According to the relatively new theory of disc instability theory, dust and gas cluster together early in the formation solar system’s appearance, and these masses compact together to form giant planets. In this model, planets form faster than in the accretion model, so sometimes planets’ formation times several thousand years. This short time is an excellent opportunity to absorb light and volatile gases. With this model, the possibility of planets falling into the Sun is also ruled out because these objects reach stability in their orbits faster.
If disk instability is the primary planet formation process, we should see large and large numbers of planets forming. Four giant planets located significantly from the star HD 9700 are objective evidence to prove the disk instability theory. The exoplanet Femalhut B, which completes its highly elliptical orbit around its star in approximately 1700 Earth years, can be an example of disk instability. But in the latter case, interactions with neighboring bodies could also force the planet into distant orbit by interaction, showing the Moon and Earth systems early in their formation.
The biggest challenge facing the nuclear accretion model is the issue of time. Gas giants must form quickly, or they will miss the opportunity to trap light elements. But we said that the performed simulations estimate the formation time of gas giants to be several million years. However, a newer model called pebble augmentation can fill this gap. According to this model, smaller pebble-sized objects merge to form more giant planets at a rate a thousand times faster than other models.
According to Harold Levison, an astronomer at SwRI and lead author of the Pebble Accretion Model study, this model starts with a straightforward structure for the solar nebula and ends up with the massive system we know.
In 2012, researchers Michel Lambrecht and Anders Johannes of Lund University in Sweden hypothesized that small pebbles from the formation process could be the correct solution to the problem of planet formation.
Based on this research, Levison and his team were able to model the formation of the planets we see today using pebbles. While previous simulations showed that large or medium-sized celestial bodies captured pebbles at a roughly constant rate, according to Lewis’ simulations, stones are trapped faster.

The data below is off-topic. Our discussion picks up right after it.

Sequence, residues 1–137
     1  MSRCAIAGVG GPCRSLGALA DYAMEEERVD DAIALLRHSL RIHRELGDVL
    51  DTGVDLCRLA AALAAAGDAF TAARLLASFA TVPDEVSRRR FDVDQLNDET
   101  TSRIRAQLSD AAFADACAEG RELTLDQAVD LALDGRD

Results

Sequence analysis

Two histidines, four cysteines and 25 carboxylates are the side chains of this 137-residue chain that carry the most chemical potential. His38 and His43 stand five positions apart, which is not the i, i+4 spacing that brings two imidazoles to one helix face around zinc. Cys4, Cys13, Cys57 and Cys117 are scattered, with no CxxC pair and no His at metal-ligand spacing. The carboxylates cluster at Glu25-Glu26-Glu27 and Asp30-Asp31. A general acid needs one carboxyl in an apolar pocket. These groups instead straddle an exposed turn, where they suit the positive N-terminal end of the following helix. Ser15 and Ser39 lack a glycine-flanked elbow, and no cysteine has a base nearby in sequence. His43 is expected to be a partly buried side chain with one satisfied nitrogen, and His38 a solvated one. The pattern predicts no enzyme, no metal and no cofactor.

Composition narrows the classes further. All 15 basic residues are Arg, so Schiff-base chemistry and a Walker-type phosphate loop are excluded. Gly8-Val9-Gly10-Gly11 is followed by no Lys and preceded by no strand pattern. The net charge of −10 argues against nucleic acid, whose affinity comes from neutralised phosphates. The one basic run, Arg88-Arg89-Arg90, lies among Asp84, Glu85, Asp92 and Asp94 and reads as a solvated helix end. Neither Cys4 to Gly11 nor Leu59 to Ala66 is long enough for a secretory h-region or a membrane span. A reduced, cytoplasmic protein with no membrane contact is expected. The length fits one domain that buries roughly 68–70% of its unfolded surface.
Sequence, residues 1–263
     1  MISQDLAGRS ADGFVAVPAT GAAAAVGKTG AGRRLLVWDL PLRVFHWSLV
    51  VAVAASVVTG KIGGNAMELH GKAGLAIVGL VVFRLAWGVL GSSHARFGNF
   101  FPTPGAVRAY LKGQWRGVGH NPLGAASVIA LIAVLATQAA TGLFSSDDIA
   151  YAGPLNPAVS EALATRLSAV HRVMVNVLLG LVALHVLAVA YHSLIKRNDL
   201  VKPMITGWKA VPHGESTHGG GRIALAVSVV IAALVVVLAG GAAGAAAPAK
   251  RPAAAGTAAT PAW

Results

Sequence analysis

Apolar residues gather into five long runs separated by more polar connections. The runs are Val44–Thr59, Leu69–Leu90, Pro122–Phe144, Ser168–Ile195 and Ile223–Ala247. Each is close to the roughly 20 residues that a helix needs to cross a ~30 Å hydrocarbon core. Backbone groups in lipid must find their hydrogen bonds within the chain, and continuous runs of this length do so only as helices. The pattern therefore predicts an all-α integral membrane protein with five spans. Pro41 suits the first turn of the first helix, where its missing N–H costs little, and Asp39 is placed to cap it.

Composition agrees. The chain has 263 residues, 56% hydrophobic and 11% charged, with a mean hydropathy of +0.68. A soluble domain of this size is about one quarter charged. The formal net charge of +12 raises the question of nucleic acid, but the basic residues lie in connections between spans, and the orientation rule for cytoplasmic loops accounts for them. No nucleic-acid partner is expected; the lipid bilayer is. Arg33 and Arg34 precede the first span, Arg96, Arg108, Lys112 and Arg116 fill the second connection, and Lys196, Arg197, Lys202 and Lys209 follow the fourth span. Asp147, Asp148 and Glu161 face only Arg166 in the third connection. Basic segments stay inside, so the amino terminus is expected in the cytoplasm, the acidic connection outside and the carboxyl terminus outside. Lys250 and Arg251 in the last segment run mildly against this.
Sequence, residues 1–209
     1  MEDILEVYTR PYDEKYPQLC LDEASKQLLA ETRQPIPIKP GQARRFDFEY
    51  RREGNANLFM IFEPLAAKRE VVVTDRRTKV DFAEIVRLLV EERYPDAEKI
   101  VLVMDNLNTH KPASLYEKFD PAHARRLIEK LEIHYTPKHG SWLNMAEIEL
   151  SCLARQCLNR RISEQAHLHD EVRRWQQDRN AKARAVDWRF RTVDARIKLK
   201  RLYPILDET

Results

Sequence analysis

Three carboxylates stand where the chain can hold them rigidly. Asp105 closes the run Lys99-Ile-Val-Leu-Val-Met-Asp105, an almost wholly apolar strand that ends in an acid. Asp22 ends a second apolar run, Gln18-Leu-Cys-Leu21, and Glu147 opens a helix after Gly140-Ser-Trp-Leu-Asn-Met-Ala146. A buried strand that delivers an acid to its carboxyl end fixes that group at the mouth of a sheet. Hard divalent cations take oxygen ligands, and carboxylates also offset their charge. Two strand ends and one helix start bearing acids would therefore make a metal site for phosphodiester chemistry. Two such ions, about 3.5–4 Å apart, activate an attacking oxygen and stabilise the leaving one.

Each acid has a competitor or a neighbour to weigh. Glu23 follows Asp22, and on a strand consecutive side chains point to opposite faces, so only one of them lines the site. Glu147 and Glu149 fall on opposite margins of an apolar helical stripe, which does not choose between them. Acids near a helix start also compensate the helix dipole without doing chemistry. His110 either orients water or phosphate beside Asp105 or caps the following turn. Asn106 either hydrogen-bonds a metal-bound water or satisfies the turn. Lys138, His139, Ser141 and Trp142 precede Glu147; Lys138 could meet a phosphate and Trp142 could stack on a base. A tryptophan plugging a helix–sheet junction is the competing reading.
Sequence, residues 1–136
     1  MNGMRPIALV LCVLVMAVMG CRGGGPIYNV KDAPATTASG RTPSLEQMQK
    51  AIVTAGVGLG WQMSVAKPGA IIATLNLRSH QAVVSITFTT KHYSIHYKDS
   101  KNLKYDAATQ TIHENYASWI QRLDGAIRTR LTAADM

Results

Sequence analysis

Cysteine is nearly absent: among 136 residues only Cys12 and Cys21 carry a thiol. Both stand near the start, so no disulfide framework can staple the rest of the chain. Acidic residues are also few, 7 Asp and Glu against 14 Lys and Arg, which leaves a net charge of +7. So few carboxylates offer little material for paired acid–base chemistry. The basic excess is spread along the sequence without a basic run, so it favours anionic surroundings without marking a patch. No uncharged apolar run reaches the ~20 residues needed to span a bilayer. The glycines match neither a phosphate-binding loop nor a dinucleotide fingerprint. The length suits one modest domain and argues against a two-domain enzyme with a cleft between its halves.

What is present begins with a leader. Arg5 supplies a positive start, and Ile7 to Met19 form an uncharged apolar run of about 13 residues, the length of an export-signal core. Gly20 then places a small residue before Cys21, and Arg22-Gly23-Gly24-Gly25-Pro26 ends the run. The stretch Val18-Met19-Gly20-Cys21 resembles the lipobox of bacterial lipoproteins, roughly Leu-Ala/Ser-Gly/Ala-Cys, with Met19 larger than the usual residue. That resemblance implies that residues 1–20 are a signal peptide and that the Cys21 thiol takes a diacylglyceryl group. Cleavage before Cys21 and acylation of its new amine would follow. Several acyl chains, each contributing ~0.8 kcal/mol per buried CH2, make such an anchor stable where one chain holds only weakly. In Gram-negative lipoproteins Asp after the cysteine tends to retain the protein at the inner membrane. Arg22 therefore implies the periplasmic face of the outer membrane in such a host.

Scientists are trying to gain more knowledge about the formation process of the Earth and its neighbors by continuing their investigations on the planets inside and outside the solar system.
The early Earth was very different from today’s Earth. In the beginning, the Earth’s surface was filled with molten magma. Over a few hundred million years, our planet began to cool, and oceans of liquid water formed. Heavy elements were sent to the seas and magma to the center of the Earth. In this way, the Earth found several layers, the outermost layer of which contains lighter materials, and denser and heavier materials moved towards the center of the Earth.
According to scientists, the Earth reached its current state in three stages. The first stage, according to the previous article’s previous sections, was the planet Earth’s formation stage of the construction of the Earth was probably the collision of the Earth with a protoplanet, which occurred about 4.5 billion years ago and, according to some possibilities, became the cause of the formation of the Earth’s moon. But the final stage was the bombardment of the Earth with meteorites.
Earth’s early atmosphere was probably a mixture of hydrogen and helium. With planetary changes and crust formation, many volcanic eruptions occurred. These volcanoes release water vapor, ammonia, and carbon dioxide into the Earth’s atmosphere. Slowly the oceans formed, and the first life evolved in the oceans.
In the early stages of Earth’s formation, asteroids constantly bombarded the Earth. Scientists believe that the asteroids that hit the Earth, the Moon, and other inner planets of the solar system contain large amounts of water in their minerals, which are essential for forming life. These asteroids seemed to the Earth at a very high speed and left pieces behind. According to some researchers, nearly 30% of the water in asteroids remains in parts of rocks on Earth.
A few hundred million years after this process, about 2.2 to 2.7 billion years ago, photosynthetic bacteria evolved. Through photosynthesis, these bacteria released oxygen into the Earth’s atmosphere, and in this way, within a few hundred million years, the composition of the Earth’s atmosphere became what we know today. Nearly 78% of the Earth’s current atmosphere is nitrogen, and 21% is oxygen.
Despite many uncertainties about the formation of Earth and other solar system planets, three dominant models have been proposed: core accretion, disk instability, and accretion. The core accretion model applies more to rocky planets, and the disc instability model applies to gas planets.
However, the third model, i.e., the increase of gravel, has compensated for many of the problems of the first two models, including the speed of material accumulation. None of the models are definitive, and researchers will continue investigating this field.